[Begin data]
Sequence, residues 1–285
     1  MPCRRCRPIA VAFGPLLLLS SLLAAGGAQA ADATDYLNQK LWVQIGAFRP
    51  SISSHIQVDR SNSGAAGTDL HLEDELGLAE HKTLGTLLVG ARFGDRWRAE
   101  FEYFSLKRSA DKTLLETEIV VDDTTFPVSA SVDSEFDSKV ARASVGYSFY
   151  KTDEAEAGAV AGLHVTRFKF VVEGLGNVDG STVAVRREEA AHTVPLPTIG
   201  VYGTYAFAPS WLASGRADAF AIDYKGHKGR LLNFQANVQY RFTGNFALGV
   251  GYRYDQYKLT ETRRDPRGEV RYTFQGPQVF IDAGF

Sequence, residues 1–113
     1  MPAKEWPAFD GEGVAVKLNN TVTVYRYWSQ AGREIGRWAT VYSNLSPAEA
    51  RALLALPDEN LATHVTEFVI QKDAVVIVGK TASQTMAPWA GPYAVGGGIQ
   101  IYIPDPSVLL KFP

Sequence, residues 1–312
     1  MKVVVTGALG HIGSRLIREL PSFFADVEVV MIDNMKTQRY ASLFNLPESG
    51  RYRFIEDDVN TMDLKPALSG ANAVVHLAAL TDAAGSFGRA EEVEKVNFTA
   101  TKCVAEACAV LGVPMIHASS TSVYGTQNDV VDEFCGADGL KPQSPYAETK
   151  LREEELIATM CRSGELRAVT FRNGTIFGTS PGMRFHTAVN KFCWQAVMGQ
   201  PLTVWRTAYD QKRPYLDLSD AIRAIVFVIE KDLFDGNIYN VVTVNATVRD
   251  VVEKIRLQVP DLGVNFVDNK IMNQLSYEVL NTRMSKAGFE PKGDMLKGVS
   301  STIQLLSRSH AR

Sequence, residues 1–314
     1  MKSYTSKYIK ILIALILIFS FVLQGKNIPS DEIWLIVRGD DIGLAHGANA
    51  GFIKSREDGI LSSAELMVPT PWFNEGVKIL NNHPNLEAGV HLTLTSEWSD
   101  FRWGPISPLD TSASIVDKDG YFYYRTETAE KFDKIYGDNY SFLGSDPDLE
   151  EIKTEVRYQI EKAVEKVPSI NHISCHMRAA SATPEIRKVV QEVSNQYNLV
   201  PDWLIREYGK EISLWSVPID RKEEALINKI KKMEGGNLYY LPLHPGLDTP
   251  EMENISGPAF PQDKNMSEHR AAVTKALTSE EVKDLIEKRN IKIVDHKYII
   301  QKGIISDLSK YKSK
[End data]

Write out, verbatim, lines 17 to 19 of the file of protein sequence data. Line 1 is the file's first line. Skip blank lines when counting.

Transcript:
   201  PLTVWRTAYD QKRPYLDLSD AIRAIVFVIE KDLFDGNIYN VVTVNATVRD
   251  VVEKIRLQVP DLGVNFVDNK IMNQLSYEVL NTRMSKAGFE PKGDMLKGVS
   301  STIQLLSRSH AR